Letters from Armorica- Dinner with His Lordship (19 August 36 AF)

First Letter

Ma chére Amelie,

Marc and I have just returned from a private dinner with Lord Doncaster and my cousin Jack. All is well, and as I know you are waiting with 'bated breath I am taking a few moments before bed to write to you. Tomorrow I shall attend on M. Suprenant and send this to you by arrow.

Ma chérie, all is well, all is very well indeed. I fear I have misjudged His Lordship rather severely, and in fact the meal was full of surprises for me. But let me tell it as it happened.

Marc and I arrived in Mont-Havre two days ago; the trip was swift and comfortable, and I have a list of interested customers that I gathered along the way. We made haste to meet with M. Gauthier and give him a copy of the town charter, which was the work of but a moment. We dined with M. Suprenant, and yesterday with my good friend M. Fournier; and this morning a messenger brought an invitation to dine with His Lordship to the Guild Hall.

Dinner with the Governer-General is often a grand affair: an enormous dining room, a long table with many chairs, footmen serving each diner, music, chandeliers sporting hundreds of candles, and all of the leading men of Bois-de-Bas in attendance. Tonight, though, we were escorted to a small room with a table set for four where Jack and His Lordship waited. We were seated, and a single footmen served us and then closed the doors and departed.

Once we was gone His Lordship asked us, in "a voice of the most stern", what we thought we were playing at. I began to explain our reasoning, and my desire to live and work in Bois-de-Bas, and all of the arguments you know, and as I spoke I noticed a most peculiar expression on His Lordship's face. His mustache almost seemed to be twitching, and I thought to myself, "How angry is he?" The twitching grew worse, and Jack stared at his plate with a fixed, glassy-eyed expression, and I grew more and more concerned, and then as I was wrapping up His Lordship burst into gales of laughter.

"You have no idea," he said, drying his eyes after many long moments of merriment, "you have no idea how much pleasure I have derived from watching the members of le Grand Parlement scurry hither and thither like crazed mice. Most of them are merchants or have mercantile interests, you know. A third of them are calling down curses on your name because of what they fear you will do to business here in Mont-Havre, another third are angry because they didn't think of it first, and all of them are consulting with their men of law to ensure that no one can do it again without their approval. I find I must drink your health."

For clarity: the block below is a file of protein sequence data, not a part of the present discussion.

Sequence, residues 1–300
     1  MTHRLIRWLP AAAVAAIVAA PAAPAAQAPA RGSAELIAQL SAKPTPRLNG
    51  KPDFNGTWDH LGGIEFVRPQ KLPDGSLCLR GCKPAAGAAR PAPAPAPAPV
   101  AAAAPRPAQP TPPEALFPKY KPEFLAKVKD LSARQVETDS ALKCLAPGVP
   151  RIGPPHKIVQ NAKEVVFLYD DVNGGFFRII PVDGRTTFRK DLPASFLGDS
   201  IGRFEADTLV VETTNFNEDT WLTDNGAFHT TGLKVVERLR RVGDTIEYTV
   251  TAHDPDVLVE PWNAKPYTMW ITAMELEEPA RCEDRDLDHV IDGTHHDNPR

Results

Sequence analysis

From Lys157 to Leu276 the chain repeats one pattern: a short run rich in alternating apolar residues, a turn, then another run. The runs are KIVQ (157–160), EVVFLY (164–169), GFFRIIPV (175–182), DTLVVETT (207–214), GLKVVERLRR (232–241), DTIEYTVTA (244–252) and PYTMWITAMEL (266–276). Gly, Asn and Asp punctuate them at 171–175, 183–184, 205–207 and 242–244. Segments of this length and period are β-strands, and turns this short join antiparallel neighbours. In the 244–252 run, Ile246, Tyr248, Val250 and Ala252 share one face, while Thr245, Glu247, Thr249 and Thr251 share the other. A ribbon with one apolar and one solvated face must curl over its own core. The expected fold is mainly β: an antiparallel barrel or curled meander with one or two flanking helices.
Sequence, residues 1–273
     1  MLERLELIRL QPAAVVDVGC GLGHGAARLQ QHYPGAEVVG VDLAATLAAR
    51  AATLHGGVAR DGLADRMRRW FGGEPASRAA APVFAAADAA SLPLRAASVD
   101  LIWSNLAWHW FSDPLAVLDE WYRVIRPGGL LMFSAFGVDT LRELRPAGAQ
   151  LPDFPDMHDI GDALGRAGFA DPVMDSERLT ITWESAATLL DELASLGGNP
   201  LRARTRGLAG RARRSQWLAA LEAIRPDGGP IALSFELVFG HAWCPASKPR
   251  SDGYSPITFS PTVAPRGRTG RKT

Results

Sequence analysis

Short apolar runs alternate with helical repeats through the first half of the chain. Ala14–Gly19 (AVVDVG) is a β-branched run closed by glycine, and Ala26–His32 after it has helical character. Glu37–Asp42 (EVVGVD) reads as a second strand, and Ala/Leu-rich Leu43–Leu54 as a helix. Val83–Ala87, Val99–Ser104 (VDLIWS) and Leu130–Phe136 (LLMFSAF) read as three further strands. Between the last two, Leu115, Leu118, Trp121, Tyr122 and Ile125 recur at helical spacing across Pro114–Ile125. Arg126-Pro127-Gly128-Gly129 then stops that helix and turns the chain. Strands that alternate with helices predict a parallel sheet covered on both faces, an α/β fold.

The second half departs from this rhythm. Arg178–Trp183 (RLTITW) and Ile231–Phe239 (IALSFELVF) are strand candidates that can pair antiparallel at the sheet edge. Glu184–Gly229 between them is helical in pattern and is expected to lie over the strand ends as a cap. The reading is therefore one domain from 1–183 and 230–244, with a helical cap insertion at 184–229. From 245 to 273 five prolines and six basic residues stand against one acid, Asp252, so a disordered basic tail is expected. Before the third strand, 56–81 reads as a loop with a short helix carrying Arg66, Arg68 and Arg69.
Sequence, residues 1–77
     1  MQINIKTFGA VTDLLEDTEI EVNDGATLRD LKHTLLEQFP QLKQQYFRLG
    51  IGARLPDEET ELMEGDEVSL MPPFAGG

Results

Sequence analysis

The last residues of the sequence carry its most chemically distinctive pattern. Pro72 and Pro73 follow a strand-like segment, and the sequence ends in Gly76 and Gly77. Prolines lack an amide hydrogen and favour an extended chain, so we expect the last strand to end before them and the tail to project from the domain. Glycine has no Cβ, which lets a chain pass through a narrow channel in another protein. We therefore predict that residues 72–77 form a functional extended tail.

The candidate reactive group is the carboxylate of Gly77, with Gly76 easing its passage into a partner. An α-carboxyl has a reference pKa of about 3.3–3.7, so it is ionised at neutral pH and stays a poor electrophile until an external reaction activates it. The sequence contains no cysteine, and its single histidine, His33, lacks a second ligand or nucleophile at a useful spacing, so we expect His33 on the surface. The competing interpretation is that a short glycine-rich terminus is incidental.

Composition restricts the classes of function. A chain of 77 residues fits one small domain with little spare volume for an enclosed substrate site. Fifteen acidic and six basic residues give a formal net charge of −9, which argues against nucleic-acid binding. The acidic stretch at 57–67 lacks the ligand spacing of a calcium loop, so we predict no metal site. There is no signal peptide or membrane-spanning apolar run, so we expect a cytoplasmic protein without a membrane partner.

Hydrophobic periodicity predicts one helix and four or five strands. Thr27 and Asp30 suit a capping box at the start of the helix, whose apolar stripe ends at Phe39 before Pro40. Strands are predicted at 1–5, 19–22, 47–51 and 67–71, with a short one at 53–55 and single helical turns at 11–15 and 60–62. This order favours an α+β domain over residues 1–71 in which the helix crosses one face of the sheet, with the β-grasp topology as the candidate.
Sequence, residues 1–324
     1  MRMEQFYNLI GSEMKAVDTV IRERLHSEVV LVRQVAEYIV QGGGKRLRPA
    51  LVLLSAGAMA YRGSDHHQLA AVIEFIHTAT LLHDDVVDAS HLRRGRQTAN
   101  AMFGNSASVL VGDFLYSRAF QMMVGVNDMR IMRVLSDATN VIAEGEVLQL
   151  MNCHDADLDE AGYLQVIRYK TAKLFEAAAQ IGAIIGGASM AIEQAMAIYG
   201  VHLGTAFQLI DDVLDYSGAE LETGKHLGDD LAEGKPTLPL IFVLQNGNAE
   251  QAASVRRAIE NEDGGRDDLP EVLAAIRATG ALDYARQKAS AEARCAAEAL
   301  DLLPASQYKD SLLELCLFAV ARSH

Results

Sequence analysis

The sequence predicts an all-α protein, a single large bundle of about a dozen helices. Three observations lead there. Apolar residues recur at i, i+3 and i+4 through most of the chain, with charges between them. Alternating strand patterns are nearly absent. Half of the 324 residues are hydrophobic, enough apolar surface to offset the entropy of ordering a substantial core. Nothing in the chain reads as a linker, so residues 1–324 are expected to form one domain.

And he did so, in bumpers. Then he spoke to me seriously.

"My dear Tuppenny, you have misjudged me. I do not wish to constrain you unduly, but I do wish to keep you safe. You are the only one who knows how to form these contraptions of yours, which are of the first importance for Armorican prosperity, and also, though you might not care as much about this, for Cumbrian supremacy over her enemies; and you have been the target of one plot already."

"Oh!" I exclaimed. "Is that all? In that case I can assure you that I am in no danger in Bois-de-Bas—less so than here in Mont-Havre, I assure you." And then, of course, I told him of the events of the war: how Le Maréchal's men tried to winkle me out of Bois-de-Bas, and how the folk of Bois-de-Bas responded. I did not go into detail about the location of our hide-out during those days, but only that we had one; I may have led him to think that it was underground. It is better that L'Isle de Grand-Blaireau remains a secret.

His Lordship enjoyed the stories immensely, but afterwards said to me gravely, "I see you are much loved. But consider: people will be coming to Bois-de-Bas now, people you don't know. Some may come to love you as well. Others, well, they may have reasons not to do so. I do pray you will be careful."

Perhaps, ma chérie, you might consider hiring someone? A largish someone to help with loading and unloading wagons and moving things about the store-room, and to ride with me when I travel to and from the wagon-works? You know the young men of the village; you will be well able to find someone worthy of trust.

Marc and I will dine with M. Suprenant tomorrow, and leave for Bois-de-Bas on Mardi, and so I should be home with you on Mercredi

With all my love,

Armand

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